What is Water Demand in Environmental Engineering | 6 Types of Water Demand | Factors Affecting Per Capita Demand4 min read


Water is extremely useful to man, providing him luxuries and concerts, in addition to fulfilling his basic necessities of life. It has been estimated that two-thirds of the human body is constituted of water. Suitable systems should be designed for collecting, transporting, and treating water.


Essential elements.

  1. Intake and reservoir: To collect water.
  2. Water treatment plant: Screening, sedimentations, filtration, disinfection units, etc.
  3. Elevated tanks and standpipes: It provides storage to meet peak demands occurring for limited periods.
  4. Valves: It controls the flow of water m the pipe system.
  5. Hydrants: It provides a connection with the water in the main for fighting fires, flushing streets, etc.
  6. Distribution system: mains, sub mains, and branch lines that carry the water to the streets.
  7. Services: It carries the water to the individual house etc.


Water demand in environmental engineering is defined as the amount of water requested by users to meet their needs. In fact, the first requirement is to consider the demand, and the second requirement is to find sources to fulfill that demand.

Types of Water Demands:

  1. Domestic Water Demand
  2. Industrial Water Demand
  3. Institutional and Commercial Water Demand
  4. Demand For Public Uses
  5. Fire Demand
  6. Water is required to compensate losses in waste and thefts

1. Domestic Water Demand

  • As per is 1172-1983 as well as the National building code, the domestic consumption under normal conditions, an Indian city is expected to be around 135 liters/head/day.
  • Domestic water demand is around 55-60% of total water consumption.

Uses of Domestic Water: (table)

Uses Consumption in liters per capita per day
Drinking 5
Cooking 5
Bathing 55
Washing of clothes 20
Washing of utensils 10
Washing and cleaning of house and residence 10
Fleshing of latrines, etc 30
Total 135

2. Industrial water demand

The ordinary per capita consumption for industrial needs of a city is generally taken as 50 liters/capita/day.

3. Institutional and Commercial Water Demand

On average, per capita demand of 20 l/h/d is usually considered to be enough to meet such commercial and institutional water requirements, although this demand may be as high as 50 l/h/d for highly commercialized cities.

4. Demand For Public Uses

Demand for public uses is generally taken as 10 l/h/day.

5. Fire demand

Fire hydrants are usually fitted in the water mains at about 100 to 150 meters apart.

  • The per capita fire demand is thus generally ignored while computing the total per capita water requirement of a city.
  • Kilo liter of water required = 100√P

when population exceeding 50,000
where P = population in thousand.

The rate of fire demand is worked out on the basis of certain empirical formulas.

(A) Kuichling’s formula:

Q = 3182√P

where P = Population in thousand.

(B) Freeman’s formula:

  • Amount of water required in litres/min,

  • For a central congested high value city

Q = 4637 √P [1- 0.01 √P ]

6. Water is required to compensate losses in waste and thefts

  • In water supply, we also consider losses of water by leakage, wastes, thefts, etc.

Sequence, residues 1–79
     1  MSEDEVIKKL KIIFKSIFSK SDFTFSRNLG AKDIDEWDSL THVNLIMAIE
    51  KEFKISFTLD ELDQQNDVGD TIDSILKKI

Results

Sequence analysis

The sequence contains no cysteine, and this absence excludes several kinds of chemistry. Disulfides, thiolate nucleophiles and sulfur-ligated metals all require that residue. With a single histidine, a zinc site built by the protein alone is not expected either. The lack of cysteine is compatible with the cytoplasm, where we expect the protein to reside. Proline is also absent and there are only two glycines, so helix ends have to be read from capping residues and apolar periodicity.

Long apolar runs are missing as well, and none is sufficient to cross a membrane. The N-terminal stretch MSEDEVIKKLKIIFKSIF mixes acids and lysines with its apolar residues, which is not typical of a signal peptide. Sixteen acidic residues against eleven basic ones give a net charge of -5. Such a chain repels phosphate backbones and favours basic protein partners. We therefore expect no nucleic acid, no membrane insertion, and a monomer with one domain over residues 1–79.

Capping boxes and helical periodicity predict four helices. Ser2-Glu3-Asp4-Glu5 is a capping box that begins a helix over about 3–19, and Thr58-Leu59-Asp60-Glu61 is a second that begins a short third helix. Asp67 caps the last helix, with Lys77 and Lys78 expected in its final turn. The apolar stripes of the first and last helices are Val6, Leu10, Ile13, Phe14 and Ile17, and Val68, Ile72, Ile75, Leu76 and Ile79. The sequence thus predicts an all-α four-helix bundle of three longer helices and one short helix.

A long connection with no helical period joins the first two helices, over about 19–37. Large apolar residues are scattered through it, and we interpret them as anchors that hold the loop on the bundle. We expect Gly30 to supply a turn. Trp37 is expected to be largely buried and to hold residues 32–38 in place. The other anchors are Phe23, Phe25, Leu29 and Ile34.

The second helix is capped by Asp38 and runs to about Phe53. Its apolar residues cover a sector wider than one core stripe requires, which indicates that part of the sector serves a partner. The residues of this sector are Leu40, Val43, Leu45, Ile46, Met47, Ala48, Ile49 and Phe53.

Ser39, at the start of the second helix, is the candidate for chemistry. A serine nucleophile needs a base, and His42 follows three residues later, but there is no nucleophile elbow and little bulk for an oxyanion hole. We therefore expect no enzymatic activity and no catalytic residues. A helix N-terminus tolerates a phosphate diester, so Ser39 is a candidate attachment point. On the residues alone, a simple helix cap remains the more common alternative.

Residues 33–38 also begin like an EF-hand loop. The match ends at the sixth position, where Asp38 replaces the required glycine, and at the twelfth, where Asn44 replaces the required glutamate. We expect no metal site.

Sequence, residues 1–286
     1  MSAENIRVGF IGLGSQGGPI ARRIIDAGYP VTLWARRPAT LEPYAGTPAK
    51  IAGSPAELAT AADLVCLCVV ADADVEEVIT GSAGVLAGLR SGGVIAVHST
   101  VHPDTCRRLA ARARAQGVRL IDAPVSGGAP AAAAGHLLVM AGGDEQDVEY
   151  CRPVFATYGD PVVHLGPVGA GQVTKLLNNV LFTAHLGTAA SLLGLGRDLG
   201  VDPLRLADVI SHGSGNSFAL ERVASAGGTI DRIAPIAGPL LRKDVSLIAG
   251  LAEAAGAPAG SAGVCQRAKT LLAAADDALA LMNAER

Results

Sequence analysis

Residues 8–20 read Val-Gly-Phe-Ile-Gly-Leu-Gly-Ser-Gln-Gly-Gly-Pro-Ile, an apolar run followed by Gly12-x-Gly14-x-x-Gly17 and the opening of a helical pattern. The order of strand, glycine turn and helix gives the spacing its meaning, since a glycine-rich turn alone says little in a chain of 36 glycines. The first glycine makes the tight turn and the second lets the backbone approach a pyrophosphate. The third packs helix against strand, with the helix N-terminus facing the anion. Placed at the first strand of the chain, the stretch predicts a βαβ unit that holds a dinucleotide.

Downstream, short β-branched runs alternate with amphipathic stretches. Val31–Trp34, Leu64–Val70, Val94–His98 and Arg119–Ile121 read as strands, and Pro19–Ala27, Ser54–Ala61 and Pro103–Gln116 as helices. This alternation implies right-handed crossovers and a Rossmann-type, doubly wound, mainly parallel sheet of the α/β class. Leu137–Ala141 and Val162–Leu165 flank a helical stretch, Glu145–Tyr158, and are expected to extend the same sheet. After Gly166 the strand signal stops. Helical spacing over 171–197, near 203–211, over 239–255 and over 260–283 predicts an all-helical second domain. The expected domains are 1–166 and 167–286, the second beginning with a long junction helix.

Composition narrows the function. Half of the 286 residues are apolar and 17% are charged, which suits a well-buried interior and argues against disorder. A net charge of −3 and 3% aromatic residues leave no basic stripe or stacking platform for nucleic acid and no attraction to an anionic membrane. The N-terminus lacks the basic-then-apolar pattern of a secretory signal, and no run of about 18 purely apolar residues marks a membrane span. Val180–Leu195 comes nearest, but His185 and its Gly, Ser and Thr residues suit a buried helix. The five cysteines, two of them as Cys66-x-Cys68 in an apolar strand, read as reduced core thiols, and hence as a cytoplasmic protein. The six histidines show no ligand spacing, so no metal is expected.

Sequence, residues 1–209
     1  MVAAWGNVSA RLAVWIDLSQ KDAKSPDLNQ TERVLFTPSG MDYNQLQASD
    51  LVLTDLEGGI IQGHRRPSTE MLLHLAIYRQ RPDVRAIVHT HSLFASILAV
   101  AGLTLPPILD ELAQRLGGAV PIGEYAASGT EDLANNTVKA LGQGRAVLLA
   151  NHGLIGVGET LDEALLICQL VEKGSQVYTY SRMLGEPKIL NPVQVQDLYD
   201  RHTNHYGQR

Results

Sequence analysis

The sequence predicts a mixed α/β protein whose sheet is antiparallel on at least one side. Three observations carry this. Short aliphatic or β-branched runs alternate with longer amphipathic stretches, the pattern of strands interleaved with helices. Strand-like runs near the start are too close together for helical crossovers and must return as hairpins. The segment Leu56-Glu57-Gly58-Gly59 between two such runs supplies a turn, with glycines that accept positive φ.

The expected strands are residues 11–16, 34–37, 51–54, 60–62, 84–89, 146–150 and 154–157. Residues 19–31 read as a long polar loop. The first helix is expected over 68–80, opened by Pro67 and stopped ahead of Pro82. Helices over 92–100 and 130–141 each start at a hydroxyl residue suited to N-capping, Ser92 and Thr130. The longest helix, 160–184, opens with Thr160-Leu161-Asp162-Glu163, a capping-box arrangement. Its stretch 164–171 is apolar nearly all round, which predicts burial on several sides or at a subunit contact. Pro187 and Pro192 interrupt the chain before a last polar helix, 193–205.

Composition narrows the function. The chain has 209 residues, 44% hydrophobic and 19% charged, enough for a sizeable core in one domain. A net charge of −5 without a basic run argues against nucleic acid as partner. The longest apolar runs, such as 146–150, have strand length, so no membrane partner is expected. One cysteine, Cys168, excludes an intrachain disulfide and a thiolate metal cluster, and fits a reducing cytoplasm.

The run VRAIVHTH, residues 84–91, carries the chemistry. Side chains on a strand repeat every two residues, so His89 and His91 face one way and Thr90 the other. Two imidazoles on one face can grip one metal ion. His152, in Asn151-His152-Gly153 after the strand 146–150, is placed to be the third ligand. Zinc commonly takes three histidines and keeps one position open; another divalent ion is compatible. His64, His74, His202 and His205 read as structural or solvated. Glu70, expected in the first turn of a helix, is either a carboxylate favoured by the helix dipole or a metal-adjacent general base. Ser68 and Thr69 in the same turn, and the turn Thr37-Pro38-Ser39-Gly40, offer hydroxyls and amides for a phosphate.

• Losses in waste and thefts we consider 55 lpcd


The total consumption of water for a water supply system in a year divided by the population and the number of days in the year is called per capita demand.

Per capita demand of water in Indian towns for various uses are:-

  • Domestic use = 135 liters/capita/day
  • Public use = 25 liters/capita/day
  • Industrial use = 40 liters/capita/day
  • Fire demand = 15 liters/capita/day
  • Losses, wastages and thefts = 55 liters/capita/day

That means the total demand is 270 liters/capita/day.

  • For an Indian city, as per the recommendation of IS. code, per capita demand, q = 270 l/h/d.

Factors Affecting Per Capita Demand:

  1. Size of the city
  2. Climate conditions
  3. Types of gentry and habits of people.
  4. Industrial and commercial activities.
  5. Quality of water supplies.
  6. Pressure in the distribution system.
  7. Development of sewerage facilities
  8. System of supply.
  9. Cost of water
  10. Policy of metering and Method of charging.

Variation in The Demand:

(1) Maximum Daily Consumptions:
= 180% of the annual average daily demand
= 1.8 x Average daily demand
= 1.8q

(2) Maximum Hourly Consumption

= 150 % of the average hourly demand of the month day.
2.7 x Annual average hourly demand

(3) Maximum Hourly Demand of Maximum Day

= 2.7 q

(4) Goodrich’s Formula

where P – % of the annual average draft for the time t in days.
t = time in days from 1/24 to 365

When t = 1 day (for daily variations), then
P = 180

∴ Maximum daily demand/Average daily demand = 180%

(5) The pipe mains carrying water from the source to the reservoir is designed for the maximum daily demand.
(6) Distribution system is designed for maximum hourly demand of 5.5
(7) The filters and other units of the treatment plant are designed for 2 times the average daily demand.
(8) Coincident Demand: The maximum daily demand when added to fire demands for working out total demand is known as coincident demand.


water supply schemes
water supply schemes

• In case of dams and reservoirs—Generally no need for pumps.
• In case a river is used as a source, is required dumping equipment is required


  • The future period or the number of years for which a provision is made in designing the capacities of the various components of the water supply scheme is known as the design period.
  • Water supply projects, under normal circumstances, may be designed for a design period of 30 years. These 30 year is to be counted after the completion of the project.

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